Francisco Javier Chiyah Garcia


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CRWIZ: A Framework for Crowdsourcing Real-Time Wizard-of-Oz Dialogues
Francisco Javier Chiyah Garcia | José Lopes | Xingkun Liu | Helen Hastie
Proceedings of the Twelfth Language Resources and Evaluation Conference

Large corpora of task-based and open-domain conversational dialogues are hugely valuable in the field of data-driven dialogue systems. Crowdsourcing platforms, such as Amazon Mechanical Turk, have been an effective method for collecting such large amounts of data. However, difficulties arise when task-based dialogues require expert domain knowledge or rapid access to domain-relevant information, such as databases for tourism. This will become even more prevalent as dialogue systems become increasingly ambitious, expanding into tasks with high levels of complexity that require collaboration and forward planning, such as in our domain of emergency response. In this paper, we propose CRWIZ: a framework for collecting real-time Wizard of Oz dialogues through crowdsourcing for collaborative, complex tasks. This framework uses semi-guided dialogue to avoid interactions that breach procedures and processes only known to experts, while enabling the capture of a wide variety of interactions.


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Explainable Autonomy: A Study of Explanation Styles for Building Clear Mental Models
Francisco Javier Chiyah Garcia | David A. Robb | Xingkun Liu | Atanas Laskov | Pedro Patron | Helen Hastie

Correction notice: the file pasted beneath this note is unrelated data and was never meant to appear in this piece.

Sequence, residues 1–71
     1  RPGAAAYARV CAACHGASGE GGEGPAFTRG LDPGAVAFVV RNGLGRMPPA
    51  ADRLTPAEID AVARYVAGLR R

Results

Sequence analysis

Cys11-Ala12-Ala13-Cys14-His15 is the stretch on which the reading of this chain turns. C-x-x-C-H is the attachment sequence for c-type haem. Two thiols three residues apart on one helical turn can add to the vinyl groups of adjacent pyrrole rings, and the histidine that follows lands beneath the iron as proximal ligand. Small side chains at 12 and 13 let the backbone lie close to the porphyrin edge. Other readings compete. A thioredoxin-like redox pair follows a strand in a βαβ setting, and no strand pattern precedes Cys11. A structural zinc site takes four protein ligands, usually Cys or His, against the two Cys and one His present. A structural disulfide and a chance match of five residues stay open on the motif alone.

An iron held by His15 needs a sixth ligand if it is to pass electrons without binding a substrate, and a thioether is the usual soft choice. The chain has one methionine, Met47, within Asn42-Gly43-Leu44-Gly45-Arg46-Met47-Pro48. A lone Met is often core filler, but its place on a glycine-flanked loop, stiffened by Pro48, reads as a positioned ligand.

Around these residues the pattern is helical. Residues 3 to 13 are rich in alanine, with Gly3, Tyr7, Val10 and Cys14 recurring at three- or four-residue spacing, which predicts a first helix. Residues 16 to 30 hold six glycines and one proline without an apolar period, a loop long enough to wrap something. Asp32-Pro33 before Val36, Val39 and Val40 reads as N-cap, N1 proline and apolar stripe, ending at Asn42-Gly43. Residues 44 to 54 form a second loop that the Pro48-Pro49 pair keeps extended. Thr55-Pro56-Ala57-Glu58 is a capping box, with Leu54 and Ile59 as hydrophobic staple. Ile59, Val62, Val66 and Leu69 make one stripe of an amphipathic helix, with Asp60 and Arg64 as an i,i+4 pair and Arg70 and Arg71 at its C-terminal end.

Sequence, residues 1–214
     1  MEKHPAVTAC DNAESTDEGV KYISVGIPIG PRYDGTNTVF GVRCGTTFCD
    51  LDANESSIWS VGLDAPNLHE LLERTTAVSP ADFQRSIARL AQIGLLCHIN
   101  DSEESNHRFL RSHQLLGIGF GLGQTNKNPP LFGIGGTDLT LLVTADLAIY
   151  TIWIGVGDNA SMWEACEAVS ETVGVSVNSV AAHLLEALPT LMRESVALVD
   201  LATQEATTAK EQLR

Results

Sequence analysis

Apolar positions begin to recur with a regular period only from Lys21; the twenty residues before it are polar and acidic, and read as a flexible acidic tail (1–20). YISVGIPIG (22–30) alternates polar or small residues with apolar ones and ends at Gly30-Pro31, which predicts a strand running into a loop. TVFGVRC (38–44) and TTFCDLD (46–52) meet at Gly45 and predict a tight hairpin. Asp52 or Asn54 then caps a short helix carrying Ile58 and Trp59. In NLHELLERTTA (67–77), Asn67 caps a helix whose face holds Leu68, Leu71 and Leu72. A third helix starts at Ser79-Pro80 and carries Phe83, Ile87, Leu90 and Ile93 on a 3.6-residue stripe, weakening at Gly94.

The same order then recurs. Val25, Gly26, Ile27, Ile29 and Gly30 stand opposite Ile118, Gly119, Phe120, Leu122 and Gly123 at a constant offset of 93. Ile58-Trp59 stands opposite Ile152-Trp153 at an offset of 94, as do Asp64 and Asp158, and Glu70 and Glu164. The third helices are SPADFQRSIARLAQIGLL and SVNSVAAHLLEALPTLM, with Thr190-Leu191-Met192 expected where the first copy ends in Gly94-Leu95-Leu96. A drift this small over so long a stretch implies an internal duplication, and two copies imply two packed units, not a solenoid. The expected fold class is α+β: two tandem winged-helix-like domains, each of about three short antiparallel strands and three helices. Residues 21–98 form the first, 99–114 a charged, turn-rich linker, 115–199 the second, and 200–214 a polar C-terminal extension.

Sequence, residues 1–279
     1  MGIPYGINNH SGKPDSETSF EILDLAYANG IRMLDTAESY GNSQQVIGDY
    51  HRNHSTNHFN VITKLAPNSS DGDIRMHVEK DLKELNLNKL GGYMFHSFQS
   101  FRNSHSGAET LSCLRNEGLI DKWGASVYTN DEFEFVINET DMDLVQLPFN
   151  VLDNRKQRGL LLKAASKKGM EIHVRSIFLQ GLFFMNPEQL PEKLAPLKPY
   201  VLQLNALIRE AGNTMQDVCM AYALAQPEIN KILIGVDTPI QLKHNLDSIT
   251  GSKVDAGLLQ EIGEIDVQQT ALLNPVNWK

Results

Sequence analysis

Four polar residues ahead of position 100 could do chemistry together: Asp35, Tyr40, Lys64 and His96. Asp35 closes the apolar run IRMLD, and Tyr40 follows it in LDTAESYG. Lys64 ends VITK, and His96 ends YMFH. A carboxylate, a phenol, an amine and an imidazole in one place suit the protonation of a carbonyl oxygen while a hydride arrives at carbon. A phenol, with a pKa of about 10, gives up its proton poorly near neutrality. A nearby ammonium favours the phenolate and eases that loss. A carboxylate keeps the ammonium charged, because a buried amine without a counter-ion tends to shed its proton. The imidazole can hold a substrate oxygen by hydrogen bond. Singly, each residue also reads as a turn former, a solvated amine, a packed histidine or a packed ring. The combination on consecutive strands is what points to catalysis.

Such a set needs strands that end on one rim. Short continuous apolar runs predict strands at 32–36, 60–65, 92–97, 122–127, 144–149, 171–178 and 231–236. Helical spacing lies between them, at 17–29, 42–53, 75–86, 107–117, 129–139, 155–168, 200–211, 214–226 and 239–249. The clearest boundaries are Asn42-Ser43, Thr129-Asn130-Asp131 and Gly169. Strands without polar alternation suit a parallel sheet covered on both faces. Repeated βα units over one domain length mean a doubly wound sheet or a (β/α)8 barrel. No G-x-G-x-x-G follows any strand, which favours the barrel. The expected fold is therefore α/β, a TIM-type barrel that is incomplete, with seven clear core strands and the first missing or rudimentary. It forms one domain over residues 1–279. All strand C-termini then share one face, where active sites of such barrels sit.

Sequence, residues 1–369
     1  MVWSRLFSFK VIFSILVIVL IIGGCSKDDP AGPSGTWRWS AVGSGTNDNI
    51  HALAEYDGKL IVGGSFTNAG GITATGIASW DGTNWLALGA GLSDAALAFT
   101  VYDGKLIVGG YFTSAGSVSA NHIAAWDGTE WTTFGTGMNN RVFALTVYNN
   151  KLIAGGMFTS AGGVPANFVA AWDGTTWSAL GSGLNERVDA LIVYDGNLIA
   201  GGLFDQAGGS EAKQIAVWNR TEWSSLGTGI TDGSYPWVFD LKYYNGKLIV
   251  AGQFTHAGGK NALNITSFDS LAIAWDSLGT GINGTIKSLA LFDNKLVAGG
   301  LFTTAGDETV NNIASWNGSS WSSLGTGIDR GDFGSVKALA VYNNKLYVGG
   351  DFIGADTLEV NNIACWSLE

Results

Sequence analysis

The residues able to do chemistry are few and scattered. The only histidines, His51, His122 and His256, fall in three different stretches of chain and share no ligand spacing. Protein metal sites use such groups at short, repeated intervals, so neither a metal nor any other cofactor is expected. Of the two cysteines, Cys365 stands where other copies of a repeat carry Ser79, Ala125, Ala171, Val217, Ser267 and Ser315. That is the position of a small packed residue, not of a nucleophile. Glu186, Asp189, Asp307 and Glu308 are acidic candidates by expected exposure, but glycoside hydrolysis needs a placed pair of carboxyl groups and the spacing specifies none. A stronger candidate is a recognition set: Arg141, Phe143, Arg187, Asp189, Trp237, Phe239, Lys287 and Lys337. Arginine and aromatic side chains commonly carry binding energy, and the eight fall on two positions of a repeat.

Proceedings of the 11th International Conference on Natural Language Generation

As unmanned vehicles become more autonomous, it is important to maintain a high level of transparency regarding their behaviour and how they operate. This is particularly important in remote locations where they cannot be directly observed. Here, we describe a method for generating explanations in natural language of autonomous system behaviour and reasoning. Our method involves deriving an interpretable model of autonomy through having an expert ‘speak aloud’ and providing various levels of detail based on this model. Through an online evaluation study with operators, we show it is best to generate explanations with multiple possible reasons but tersely worded. This work has implications for designing interfaces for autonomy as well as for explainable AI and operator training.